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Mainframe Days : How to teach your company about the platform it runs on

By Theresa Hans posted Wed June 17, 2020 07:03 PM

  

This blog has been posted on behalf of Phil Allison - an Enterprise Architect with a focus on System Z and Storage at Black Knight Inc. 
You can read more about Phil's background and activities as an IBM Champion for Z here.

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Over the last few months, I have had the chance to start an internal learning series, called Mainframe Days, at Black Knight Inc. This is an internal learning and advocacy program that introduces employees within various areas of Black Knight to a number of underlying technologies within our mainframe platform.

 

Over the past few years, I've become very proud of the growing commitment Black Knight has made towards mainframe internships, apprenticeships and developing COBOL talent.  In contrast to when I started in IT, personnel were generally within a silo and never got to see other areas of mainframe support or see the actual hardware.  I want Mainframe Days to be an opportunity for mainframe support personnel to see the various supporting technologies and see what others contribute to the big picture. Black Knight has invested so much into the technology, that I additionally want the audience to appreciate the platform’s capabilities and recognize those which can benefit our customers.

 

In the first two segments I’ve received great support and feedback from those who work in client support, Mainframe Help Desk and members of our CISO organization.  I was especially pleased by the immediate support I received from my leadership to begin the series. The turnout for topics such as SystemZ and z15, IBM TS7770 VTS was excellent.  Excitement for upcoming topics on IBM DS8000, GDPS and Pervasive Encryption have been surprising in the best way possible.

 

I was most surprised at the number of early tenures who were excited about the cross-training aspect. When the meeting invite for an upcoming Mainframe Day is sent out, these employees are the first to accept and attend the meeting. It has been very encouraging to see that they get as geeked up as I do!  They especially liked the z15 virtual tour website.  This is a great substitute for physically being on the data center floor.  Aside from its current purpose, I hope we evolve portions of Mainframe Days as a training tool for all new mainframe employees.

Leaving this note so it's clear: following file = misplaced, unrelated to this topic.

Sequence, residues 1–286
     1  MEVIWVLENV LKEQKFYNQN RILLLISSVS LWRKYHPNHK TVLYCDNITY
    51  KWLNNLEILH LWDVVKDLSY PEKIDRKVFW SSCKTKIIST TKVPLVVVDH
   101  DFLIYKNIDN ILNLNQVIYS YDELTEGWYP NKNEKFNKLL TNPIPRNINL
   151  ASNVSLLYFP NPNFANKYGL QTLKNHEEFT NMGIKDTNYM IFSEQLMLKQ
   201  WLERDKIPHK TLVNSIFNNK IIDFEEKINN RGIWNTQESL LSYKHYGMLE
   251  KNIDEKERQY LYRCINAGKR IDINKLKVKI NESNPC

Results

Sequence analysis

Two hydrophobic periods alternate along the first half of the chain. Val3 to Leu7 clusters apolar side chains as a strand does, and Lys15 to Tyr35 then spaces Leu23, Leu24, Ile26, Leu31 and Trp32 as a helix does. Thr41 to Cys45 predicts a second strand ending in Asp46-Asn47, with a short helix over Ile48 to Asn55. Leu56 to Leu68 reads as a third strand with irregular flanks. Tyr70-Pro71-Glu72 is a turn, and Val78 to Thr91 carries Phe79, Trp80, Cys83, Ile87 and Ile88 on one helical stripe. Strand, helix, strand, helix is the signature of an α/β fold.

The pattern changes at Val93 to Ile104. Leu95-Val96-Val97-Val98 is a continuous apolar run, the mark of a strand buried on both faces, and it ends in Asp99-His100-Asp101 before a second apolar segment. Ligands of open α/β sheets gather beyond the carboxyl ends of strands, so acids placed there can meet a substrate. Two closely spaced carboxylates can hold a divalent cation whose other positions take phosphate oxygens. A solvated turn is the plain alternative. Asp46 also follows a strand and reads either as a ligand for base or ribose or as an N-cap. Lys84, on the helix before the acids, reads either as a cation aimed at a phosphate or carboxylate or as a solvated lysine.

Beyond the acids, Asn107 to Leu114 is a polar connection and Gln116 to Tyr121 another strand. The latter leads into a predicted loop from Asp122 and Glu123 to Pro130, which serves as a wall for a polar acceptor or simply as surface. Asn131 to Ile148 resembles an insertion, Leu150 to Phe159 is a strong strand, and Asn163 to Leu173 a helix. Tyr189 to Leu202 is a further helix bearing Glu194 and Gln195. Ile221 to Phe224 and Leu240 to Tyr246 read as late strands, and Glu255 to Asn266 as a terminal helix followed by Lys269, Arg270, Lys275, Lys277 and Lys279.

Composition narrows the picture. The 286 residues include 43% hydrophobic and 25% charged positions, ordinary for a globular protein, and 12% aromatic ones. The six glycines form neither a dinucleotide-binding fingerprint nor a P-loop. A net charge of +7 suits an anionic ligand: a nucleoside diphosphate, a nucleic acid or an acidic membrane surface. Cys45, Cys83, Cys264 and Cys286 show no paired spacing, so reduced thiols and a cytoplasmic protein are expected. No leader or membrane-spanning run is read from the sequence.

On a personal note, this venue has been gratifying way to give back.  I have had so much support in my career over the past 30 plus years but today people are much busier and geographically dispersed.  It’s hard to make time to grow people and, at least until recently, conferences and education are harder to justify. I feel it’s important to work on this internal advocacy across all companies for a few reasons.

  • To gain Perspective: who better than those who architect and support the technologies?
  • To Build competency: what features do we employ vs what’s possible, if what’s possible has value, how can we get to what’s possible?
  • A channel for Mentorship: Develop a cadence and make learning more personal with those who want to learn and be mentored on the technologies chosen.
  • Reduced Cost: a lot can be covered over a broad audience

 

This is something I’d encourage others to try out within their own workplace. It is even something a newer member of the team could help to coordinate as they are learning most of these topics now anyway. I’d suggest a focus on developing internal programs which foster learning, have executive support, and offer additional learning opportunities.

 

Mainframe Days itself was heavily inspired by our own Black Knight University (BKU) and the Guru Program.  Often, these internal programs offer Lunch and Learn sessions once or twice a month on various topics such as Cloud, Agile, Using Excel, Automation, log aggregation, etc.  Gurus publish blogs on various topics and provide valuable Q&A for employees needing to speak with a subject matter expert.  Given the investment companies make with mainframe, there is always a desire to interface with mainframe applications, especially in new cloud-native ways.  Mainframe customers need to be informed, create some buzz and advocate these capabilities if they are relevant in helping the business succeed.

 

I challenge all of you (especially those new to the mainframe) to reach out to colleagues who aren’t on your team and learn about their role and what their area of specialty brings to the business.

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